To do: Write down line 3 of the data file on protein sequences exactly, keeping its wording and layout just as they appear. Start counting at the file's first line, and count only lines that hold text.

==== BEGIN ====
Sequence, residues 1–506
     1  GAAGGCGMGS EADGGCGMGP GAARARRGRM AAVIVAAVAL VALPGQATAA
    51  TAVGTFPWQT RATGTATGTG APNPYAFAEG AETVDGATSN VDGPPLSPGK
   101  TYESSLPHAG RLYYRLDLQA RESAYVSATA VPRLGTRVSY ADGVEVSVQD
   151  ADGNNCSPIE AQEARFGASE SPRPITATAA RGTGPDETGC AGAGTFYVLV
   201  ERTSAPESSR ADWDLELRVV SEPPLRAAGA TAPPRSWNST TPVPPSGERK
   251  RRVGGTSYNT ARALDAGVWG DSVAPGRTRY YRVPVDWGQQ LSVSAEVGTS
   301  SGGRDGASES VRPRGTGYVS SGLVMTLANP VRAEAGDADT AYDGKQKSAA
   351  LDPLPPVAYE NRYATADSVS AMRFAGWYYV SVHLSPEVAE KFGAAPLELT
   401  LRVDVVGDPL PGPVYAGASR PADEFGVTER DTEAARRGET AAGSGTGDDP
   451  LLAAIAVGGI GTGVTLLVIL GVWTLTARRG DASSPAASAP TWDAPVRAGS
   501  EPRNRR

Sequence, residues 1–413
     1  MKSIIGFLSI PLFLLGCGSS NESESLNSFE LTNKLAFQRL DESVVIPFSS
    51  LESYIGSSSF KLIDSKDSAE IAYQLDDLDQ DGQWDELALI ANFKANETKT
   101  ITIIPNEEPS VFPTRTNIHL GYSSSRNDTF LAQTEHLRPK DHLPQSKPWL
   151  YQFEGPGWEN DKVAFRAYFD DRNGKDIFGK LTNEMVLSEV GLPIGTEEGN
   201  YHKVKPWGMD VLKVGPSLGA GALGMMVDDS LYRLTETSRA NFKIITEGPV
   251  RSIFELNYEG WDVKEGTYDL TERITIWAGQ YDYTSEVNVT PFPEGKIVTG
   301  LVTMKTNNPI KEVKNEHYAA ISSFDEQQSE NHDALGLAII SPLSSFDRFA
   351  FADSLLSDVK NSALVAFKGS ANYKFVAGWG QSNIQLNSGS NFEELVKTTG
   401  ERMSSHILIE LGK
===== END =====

    51  TAVGTFPWQT RATGTATGTG APNPYAFAEG AETVDGATSN VDGPPLSPGK